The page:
I cannot accept this hijacking of a meeting that was called to discuss my concerns about the book launch. I stand up and announce that I am leaving the meeting. I explain that I have no option but to take matters further. Marcus stands up to block my exit from the room. “I think you should stay and sort this out,” he says. I request that he move from the door and I look to Helen for support. She is looking down at the floor. As I leave I catch sight of Marcus with a slight smirk on his face. Was this planned? Has he just engineered a response he wanted? I leave and go straight home.

I spend the rest of the day recalling the comments made by Marcus: “misleading information”; not a “team player”. For goodness sake, he’s only been in the university for a few months and he’s driving me mad. I feel terrible.

Before I go to get the kids from school, I check my work emails. There’s a group email about “staff whereabouts”, written by Helen Murr.

“Could all staff please note that letting your academic team leader know your whereabouts is a requirement. Please make certain you provide your departmental administrator with all the information of your whereabouts at the start of the week…”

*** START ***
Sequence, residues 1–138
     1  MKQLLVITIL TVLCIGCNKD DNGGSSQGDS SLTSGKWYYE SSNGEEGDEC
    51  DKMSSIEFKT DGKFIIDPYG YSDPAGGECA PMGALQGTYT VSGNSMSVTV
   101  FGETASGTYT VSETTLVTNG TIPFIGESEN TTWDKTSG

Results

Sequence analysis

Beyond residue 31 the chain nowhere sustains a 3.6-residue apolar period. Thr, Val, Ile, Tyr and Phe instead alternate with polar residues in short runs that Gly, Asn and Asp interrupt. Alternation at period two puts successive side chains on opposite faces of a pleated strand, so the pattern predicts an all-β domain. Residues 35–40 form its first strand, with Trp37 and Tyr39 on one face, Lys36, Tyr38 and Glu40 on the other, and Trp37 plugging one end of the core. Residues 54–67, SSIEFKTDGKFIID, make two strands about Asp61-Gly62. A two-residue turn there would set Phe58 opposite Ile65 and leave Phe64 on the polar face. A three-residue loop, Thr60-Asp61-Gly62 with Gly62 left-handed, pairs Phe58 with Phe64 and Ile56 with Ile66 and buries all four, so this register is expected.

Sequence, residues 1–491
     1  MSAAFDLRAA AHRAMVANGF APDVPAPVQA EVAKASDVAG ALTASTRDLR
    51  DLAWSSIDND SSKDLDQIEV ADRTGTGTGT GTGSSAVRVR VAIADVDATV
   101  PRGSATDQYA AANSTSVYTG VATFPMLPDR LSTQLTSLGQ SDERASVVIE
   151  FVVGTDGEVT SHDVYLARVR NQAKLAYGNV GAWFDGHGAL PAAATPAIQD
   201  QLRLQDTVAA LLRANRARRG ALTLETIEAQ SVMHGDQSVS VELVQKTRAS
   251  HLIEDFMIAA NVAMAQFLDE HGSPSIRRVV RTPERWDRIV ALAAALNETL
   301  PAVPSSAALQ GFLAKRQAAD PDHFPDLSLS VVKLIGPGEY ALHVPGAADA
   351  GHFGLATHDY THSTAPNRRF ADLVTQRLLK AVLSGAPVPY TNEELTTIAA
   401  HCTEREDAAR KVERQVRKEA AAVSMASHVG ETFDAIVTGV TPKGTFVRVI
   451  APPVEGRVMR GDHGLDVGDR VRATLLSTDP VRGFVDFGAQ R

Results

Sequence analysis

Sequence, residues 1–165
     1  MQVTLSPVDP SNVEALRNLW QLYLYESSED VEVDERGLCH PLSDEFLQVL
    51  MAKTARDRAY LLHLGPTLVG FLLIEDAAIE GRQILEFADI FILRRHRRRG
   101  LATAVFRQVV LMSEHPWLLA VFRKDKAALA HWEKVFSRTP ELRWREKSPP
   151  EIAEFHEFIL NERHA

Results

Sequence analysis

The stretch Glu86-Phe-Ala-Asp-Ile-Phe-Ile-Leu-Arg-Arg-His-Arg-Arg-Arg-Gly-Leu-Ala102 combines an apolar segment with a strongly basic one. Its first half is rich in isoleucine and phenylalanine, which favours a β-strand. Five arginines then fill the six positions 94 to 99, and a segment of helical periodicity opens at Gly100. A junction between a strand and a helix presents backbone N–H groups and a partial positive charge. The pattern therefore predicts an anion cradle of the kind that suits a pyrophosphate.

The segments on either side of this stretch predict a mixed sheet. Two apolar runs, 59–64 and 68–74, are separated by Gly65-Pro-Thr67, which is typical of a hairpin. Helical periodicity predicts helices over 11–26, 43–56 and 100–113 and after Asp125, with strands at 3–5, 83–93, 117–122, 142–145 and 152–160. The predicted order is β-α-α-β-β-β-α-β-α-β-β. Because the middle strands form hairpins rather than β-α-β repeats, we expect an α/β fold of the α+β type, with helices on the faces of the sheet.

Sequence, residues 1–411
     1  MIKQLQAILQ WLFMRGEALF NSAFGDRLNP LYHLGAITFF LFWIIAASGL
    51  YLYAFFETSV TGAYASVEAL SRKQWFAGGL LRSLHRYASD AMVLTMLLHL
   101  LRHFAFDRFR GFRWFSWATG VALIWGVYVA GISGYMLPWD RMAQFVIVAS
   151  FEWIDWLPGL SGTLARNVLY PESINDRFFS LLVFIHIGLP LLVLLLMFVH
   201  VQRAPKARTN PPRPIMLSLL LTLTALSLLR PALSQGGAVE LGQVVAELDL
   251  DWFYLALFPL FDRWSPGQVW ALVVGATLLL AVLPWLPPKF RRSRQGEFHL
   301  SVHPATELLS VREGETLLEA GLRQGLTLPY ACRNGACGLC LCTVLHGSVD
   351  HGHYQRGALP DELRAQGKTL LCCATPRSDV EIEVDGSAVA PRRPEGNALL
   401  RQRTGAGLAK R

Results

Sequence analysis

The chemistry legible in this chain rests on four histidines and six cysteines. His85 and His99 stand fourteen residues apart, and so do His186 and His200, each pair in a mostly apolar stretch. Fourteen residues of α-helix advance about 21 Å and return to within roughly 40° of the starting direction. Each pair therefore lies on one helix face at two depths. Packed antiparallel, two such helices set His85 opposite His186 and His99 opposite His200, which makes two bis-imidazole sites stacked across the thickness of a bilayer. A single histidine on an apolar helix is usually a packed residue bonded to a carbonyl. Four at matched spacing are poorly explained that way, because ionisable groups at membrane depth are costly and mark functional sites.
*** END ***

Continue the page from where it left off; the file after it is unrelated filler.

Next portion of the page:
My immediate thought is that Marcus has gone back into work and noticed I was not at my desk. I take a large sigh and feel totally pissed off. Do I just leave it? I cannot understand, why me? What is going on? Perhaps it’s my fault.

Names and other details have been changed.

Are you experiencing problems at work?

Whether it’s money worries, issues with colleagues or emotional difficulties, the College and University Support Network (CUSN) can help. CUSN provides free, confidential support services, 24/7, specifically for all staff working in adult, further and higher education. Established by Teacher Support Network and supported by the University and College Union, CUSN offers information and advice, telephone counselling, online and telephone coaching and financial assistance. All CUSN services are delivered by professional advisers, counsellors and coaches.

You can contact CUSN for free on 08000 32 99 52 or visit www.cusn.info, where you can also sign up for the free monthly newsletter.

You've reached your article limit.

Register to continue

Registration is free and only takes a moment. Once registered you can read a total of 3 articles each month, plus:

  • Sign up for the editor's highlights
  • Receive World University Rankings news first
  • Get job alerts, shortlist jobs and save job searches
  • Participate in reader discussions and post comments
Register

Have your say

Log in or register to post comments